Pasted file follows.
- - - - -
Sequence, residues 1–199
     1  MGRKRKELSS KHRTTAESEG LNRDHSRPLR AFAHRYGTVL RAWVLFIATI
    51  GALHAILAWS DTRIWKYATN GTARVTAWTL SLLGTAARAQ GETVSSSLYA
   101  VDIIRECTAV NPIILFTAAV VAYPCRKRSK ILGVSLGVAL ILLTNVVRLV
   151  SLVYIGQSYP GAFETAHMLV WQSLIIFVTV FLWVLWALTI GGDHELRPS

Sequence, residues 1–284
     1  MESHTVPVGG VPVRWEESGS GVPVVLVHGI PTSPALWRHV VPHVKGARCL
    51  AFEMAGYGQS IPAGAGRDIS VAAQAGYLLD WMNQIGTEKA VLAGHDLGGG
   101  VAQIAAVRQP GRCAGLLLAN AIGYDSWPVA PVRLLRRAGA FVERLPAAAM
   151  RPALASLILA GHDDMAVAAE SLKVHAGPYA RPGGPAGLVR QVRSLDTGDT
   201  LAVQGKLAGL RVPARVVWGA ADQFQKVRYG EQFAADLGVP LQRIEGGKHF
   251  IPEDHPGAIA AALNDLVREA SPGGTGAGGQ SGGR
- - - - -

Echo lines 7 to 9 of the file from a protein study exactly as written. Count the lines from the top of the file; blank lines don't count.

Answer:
     1  MESHTVPVGG VPVRWEESGS GVPVVLVHGI PTSPALWRHV VPHVKGARCL
    51  AFEMAGYGQS IPAGAGRDIS VAAQAGYLLD WMNQIGTEKA VLAGHDLGGG
   101  VAQIAAVRQP GRCAGLLLAN AIGYDSWPVA PVRLLRRAGA FVERLPAAAM